In the context of a global ideology centred around population control, a woman’s freedom over her own body forms the most dangerous part of her rights, for the woman – in constant need of supervision and guidance in the public sphere, freedom over her body awards her agency over the right to decide future generations, and thus the future of society. This is why the roots of our current thinking are in such deep need of consideration and analysis, for we must understand what is so threatening to the established order in giving women the freedom to have complete control over their bodies. Given the eugenic origins of the conversation surrounding women’s reproductive rights that persisted publicly into the 1950’s, it is imperative that we assess the impact on our current mainstream conversation around women’s bodies.

To this day there is very little real notion of female ownership over her body, marital rape was legal just over 20 years ago in the UK. The woman’s body has never been hers. Invasive, often painful reproductive choices were offered to women long before sexual choices were, making it patently clear that progress was never intended to benefit women, rather the greater good of society and science through the medium of the female body. Only now are we beginning to see the ground shift in the conversation surrounding women’s sexuality and therefore actual freedoms for the woman inside her own body. However reproductive freedoms are still at stake, forced sterilisation is in practice to this day in the US and the UK, and the fact that phenomenal amounts of money and resources are being pumped into genetic research whilst people live in appalling conditions in one of the richest countries in the world implies that not very much has changed at the root of our thinking. And this should concern women.

Provided arguments surrounding superior genetics remain, women will not be granted social freedoms over their bodies, it is anathema to the concept. Within this structural vision of gender it is impossible for a woman to be viewed for anything more than her body, as life giving is the central function to her existence, her body becomes central to her social identity. The focus on population control rather than on individual bodies gives future value to the female body which cannot be left to the disposal of the woman alone. This process ensures the parallel demonisation and fetishisation of female sexuaity and what is considered feminine, and will continue to justify the necessity of unequal treatment. By placing science as the ultimate regulator of human society we are abdicating responsibility as to the healthy functioning of our societies; where we should be looking to develop infrastructure to care for our people we are instead looking for techniques and narratives that justify the ethnic and social cleansing of our populations. This process takes place through the woman and as such the woman is agent as well as victim of oppression, dangerous in absolutely every sense.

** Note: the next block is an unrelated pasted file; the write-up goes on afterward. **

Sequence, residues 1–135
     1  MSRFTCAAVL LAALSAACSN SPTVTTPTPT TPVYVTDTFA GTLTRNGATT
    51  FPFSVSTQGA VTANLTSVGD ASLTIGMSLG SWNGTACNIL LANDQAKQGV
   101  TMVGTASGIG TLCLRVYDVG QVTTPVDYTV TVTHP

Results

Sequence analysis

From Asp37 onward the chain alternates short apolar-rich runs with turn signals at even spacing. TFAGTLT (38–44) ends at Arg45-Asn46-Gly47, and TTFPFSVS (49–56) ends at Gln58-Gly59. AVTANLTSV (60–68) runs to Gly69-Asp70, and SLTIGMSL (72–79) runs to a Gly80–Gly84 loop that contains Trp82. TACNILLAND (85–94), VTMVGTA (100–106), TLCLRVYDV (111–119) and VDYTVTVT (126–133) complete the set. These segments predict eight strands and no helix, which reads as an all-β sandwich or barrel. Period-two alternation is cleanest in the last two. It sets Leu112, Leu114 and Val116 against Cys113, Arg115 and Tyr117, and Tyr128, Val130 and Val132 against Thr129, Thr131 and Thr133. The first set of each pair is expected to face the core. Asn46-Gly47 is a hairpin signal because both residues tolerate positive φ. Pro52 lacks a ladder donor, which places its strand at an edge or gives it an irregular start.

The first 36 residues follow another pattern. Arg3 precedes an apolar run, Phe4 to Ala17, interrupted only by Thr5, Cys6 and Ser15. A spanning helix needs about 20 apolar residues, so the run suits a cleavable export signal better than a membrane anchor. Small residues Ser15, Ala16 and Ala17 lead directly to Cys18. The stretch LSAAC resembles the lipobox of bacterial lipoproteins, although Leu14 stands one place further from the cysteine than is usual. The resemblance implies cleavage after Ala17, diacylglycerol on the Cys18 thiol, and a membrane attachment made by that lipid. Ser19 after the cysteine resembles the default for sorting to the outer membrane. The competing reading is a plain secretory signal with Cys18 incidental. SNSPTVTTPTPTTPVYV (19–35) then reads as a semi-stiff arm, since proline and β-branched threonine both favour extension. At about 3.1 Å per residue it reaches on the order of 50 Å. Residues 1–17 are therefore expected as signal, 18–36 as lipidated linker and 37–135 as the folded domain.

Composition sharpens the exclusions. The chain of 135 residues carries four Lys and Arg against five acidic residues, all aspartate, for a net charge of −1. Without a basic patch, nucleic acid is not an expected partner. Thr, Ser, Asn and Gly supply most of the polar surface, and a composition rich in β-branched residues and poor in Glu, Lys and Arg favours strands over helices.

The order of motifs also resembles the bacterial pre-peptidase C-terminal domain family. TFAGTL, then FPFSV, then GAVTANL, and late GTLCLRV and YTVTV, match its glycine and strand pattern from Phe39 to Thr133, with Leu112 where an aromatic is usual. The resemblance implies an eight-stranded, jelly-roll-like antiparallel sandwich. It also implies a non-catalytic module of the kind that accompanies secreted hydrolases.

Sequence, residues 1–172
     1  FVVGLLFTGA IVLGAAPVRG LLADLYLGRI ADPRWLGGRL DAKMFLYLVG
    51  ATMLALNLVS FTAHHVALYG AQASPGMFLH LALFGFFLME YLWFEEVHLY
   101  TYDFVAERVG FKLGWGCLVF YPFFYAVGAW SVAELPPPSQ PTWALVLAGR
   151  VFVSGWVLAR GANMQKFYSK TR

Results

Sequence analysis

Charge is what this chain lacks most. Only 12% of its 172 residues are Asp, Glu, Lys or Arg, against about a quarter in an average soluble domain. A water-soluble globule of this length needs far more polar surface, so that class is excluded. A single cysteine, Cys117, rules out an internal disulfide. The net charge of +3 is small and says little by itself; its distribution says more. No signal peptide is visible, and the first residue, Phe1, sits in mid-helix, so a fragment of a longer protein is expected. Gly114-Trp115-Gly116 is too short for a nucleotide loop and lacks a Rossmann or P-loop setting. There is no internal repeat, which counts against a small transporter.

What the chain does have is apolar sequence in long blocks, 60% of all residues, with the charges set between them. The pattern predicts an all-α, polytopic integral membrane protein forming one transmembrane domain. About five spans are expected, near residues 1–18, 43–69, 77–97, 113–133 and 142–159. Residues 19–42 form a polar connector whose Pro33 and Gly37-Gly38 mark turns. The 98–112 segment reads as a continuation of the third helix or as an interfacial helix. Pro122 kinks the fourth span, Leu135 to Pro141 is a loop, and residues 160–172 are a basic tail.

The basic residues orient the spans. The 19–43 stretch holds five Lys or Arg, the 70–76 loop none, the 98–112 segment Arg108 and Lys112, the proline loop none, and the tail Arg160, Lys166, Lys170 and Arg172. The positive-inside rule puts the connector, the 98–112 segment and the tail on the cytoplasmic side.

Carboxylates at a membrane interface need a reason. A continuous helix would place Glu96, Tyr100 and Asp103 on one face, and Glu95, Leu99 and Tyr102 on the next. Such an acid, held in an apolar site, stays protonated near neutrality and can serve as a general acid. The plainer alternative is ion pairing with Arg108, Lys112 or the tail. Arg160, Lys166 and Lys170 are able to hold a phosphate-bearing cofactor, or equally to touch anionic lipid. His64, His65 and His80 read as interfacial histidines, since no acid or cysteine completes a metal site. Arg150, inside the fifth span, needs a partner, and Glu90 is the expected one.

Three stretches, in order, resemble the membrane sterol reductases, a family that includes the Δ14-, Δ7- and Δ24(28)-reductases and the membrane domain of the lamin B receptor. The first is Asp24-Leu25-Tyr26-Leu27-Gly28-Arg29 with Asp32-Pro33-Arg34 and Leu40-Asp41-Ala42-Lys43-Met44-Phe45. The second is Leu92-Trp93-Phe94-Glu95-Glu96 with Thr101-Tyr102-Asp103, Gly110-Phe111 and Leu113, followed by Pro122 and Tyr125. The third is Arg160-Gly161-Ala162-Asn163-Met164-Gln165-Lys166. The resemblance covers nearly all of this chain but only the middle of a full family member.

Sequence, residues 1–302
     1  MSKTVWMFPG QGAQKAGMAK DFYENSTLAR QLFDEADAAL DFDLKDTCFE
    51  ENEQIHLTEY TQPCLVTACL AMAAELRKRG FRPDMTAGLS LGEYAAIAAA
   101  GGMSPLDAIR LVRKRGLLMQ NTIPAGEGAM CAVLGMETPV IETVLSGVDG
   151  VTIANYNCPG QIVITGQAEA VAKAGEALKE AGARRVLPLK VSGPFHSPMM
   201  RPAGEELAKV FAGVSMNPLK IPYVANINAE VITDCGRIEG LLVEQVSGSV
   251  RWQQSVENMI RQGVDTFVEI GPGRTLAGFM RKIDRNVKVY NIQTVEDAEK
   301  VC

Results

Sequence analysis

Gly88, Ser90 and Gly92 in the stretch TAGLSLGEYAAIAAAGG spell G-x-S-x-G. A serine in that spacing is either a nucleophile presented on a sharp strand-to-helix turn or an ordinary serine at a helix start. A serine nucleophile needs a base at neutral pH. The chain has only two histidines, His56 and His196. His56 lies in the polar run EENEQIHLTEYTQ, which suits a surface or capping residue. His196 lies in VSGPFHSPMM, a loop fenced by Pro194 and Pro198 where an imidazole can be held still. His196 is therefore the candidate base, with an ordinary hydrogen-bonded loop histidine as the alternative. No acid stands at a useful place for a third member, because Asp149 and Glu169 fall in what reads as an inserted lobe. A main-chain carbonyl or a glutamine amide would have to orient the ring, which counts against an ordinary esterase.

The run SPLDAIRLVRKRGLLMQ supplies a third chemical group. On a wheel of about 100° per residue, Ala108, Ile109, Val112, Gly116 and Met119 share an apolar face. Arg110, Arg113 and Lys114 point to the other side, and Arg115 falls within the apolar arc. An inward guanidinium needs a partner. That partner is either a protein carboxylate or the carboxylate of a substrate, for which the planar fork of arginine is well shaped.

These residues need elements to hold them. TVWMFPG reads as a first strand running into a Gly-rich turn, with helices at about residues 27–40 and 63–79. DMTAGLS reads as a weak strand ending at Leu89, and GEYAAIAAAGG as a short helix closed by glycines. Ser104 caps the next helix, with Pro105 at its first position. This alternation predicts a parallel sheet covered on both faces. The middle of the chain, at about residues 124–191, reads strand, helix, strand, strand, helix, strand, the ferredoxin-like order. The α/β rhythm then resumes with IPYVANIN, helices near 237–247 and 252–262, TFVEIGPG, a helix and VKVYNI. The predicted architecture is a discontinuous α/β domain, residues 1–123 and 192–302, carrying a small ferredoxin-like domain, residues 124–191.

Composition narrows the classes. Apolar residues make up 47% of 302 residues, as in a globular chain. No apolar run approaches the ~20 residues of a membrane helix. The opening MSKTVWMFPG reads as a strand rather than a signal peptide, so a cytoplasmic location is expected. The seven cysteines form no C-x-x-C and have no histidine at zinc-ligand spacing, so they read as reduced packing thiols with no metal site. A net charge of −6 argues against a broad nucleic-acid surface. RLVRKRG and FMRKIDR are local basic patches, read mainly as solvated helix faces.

Further reading

Allen, Ann Taylor. “Feminism and Eugenics in Germany and Britain, 1900-1940: A Comparative Perspective.” German Studies Review, vol. 23, no. 3, 2000, pp. 477–505.

Soloway, Richard A. “The ‘Perfect Contraceptive’: Eugenics and Birth Control Research in Britain and America in the Interwar Years.” Journal of Contemporary History, vol. 30, no. 4, 1995, pp. 637–664.,

Zeigler, Mary. “Eugenic Feminism: Mental Hygiene, the Women’s Movement and the Campaign for Eugenic Legal Reform, 1900-1935“. Harvard Journal of Law & Gender, vol. 31, pp. 211-236.